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    Sunday, January 03, 2010


    Comparables for q-copper

    As a quick sense check on the valuation of Q Copper (q-copper) I looked at some simple comparable data from other firms.

    Reuters shows the price to book for the specialty mining and metals industry as 1.4. This is the industry within the basic materials sector that Q Copper will belong to.

    Applying these values to the revised pro-forma net assets of 183.1M would yield 256M or $1.32 per share.

    I have a concern that the book value of q-copper as presented in the prospectus does not reflect the basis that an ongoing copper company would show. This is because on acquisition you have the opportunity to adjust values on the balance sheet to reflect the acquisition cost. Therefore, adjusting the Q Copper pro-forma balance sheet to reflect the copper co Property Plant and Equipment along with the CopperCo capitalized exploration and development is more likely to provide an apples to apples comparison:

    Adjusted Balance Sheet




    Q Copper prospectus net assets


    Q Copper prospectus subtract property plant and equipment


    Q Copper prospectus

    minus capitalized exploration


    CopperCo annual report add property plant and equipment


    CopperCo annual report

    add capitalized exploration


    CopperCo annual report

    add capitalized development


      Adjusted Net Assets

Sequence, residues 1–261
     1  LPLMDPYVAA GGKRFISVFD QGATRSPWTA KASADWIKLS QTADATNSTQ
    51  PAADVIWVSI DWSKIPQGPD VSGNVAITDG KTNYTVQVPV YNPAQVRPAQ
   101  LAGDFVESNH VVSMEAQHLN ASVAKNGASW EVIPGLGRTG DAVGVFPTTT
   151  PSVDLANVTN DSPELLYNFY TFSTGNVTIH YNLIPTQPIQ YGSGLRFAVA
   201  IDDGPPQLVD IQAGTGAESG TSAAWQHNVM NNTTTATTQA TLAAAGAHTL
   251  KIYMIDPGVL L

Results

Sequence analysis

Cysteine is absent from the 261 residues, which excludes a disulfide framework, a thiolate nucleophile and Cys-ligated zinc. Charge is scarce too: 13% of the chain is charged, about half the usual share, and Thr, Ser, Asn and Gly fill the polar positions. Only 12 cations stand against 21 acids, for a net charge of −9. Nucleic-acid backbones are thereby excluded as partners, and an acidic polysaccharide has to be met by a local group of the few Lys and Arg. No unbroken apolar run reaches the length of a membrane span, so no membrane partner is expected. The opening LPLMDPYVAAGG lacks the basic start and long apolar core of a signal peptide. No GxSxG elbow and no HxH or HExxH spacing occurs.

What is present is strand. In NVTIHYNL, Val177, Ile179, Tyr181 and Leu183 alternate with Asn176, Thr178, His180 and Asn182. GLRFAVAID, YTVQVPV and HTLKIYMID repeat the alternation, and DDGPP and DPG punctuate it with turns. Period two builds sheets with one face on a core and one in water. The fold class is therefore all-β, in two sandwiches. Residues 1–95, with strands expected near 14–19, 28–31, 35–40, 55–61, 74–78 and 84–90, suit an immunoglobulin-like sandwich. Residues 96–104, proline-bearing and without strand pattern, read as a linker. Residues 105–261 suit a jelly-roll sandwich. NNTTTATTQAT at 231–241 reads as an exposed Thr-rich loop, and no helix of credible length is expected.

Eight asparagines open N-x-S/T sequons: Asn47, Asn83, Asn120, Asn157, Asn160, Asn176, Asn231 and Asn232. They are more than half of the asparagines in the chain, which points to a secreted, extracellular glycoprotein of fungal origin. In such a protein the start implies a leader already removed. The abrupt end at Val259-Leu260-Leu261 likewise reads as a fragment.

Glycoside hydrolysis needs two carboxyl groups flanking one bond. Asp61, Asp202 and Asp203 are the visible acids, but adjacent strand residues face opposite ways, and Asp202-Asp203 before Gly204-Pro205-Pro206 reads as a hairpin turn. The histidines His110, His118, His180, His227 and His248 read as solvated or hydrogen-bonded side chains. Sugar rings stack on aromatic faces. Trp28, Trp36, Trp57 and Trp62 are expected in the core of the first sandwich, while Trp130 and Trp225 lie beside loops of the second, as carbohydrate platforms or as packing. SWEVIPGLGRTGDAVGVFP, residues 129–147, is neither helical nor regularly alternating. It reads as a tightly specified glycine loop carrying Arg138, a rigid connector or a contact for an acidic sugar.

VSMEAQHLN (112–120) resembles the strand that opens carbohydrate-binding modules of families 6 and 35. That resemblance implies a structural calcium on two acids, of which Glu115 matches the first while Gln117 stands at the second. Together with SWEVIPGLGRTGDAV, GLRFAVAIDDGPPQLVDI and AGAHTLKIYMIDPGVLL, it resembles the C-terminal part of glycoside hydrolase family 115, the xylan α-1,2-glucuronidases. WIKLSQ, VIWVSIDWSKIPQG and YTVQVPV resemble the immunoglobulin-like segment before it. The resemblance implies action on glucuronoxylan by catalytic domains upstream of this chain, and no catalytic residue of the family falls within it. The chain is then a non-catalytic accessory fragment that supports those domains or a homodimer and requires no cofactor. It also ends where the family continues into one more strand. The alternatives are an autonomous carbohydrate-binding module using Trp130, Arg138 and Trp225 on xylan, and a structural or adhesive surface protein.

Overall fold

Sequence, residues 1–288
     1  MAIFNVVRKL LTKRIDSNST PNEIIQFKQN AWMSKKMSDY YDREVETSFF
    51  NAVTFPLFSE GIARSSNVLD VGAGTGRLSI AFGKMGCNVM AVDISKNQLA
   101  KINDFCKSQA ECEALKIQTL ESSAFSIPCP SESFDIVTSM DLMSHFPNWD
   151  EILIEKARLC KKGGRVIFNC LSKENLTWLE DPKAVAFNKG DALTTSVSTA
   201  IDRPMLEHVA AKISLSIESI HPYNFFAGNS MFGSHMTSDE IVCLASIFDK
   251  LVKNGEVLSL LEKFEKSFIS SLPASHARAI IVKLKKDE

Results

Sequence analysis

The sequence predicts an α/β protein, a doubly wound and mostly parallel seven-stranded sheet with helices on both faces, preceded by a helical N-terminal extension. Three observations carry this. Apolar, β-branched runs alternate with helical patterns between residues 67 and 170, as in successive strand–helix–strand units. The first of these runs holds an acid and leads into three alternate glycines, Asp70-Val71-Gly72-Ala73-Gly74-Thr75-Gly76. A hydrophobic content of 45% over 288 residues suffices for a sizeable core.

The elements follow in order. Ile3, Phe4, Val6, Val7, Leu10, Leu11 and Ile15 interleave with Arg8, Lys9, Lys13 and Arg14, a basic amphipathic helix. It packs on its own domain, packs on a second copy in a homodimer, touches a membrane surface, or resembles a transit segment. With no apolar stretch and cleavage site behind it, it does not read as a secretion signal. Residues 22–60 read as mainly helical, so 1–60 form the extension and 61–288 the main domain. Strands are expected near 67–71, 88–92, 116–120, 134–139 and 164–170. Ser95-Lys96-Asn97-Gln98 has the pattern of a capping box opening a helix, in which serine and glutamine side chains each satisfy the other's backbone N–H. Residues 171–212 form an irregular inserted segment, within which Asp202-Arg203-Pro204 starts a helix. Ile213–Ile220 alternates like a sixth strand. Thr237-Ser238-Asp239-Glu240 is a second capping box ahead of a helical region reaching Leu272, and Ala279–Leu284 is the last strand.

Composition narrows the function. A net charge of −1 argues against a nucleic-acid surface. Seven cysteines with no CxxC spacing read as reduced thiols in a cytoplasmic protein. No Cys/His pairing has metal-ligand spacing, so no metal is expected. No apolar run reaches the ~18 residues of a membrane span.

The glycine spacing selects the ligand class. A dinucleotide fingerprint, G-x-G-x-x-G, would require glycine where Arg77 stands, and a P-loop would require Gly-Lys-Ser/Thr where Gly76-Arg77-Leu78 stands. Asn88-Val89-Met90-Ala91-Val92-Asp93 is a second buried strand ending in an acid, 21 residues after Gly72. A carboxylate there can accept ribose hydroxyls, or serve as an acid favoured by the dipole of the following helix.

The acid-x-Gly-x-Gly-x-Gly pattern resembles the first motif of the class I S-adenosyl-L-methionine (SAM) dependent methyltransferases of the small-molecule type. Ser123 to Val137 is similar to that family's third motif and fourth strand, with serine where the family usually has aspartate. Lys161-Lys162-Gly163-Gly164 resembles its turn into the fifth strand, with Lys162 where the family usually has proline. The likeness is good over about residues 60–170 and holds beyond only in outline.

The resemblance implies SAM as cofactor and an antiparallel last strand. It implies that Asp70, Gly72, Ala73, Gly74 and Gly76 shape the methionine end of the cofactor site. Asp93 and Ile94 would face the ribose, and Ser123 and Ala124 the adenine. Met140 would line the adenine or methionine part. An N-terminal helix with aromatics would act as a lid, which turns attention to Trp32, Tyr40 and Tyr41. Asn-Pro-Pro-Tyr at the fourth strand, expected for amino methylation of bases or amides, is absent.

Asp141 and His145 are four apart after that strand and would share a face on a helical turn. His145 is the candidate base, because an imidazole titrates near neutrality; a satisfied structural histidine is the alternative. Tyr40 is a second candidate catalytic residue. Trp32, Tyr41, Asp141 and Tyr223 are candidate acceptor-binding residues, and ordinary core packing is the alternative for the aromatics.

Using the adjusted book value and the 1.4 P/B provides a price per share of $1.48. I had a concern that Q Copper had a lot more cash as a % of assets than an average speciality mining and metals company. However, that extra cash is all allocated to further exploration so it will end up becoming capitalized exploration or development expenditure. I would treat it differently if it were going to be returned to shareholders.

    Finally I took the Reuters data for speciality mining and metals and looked at the median book value and then the median book value for those firms with earnings. There ratios were P/B of 1.47 and 2.125. (The original 1.4 that Reuters provided, and used above, is cap weighted which disadvantages smaller firms and includes firms with no earnings). Using the adjusted balance sheet would indicate a price per share of $1.56. Using the P/B for firms with earnings yields a price per share of $2.27 .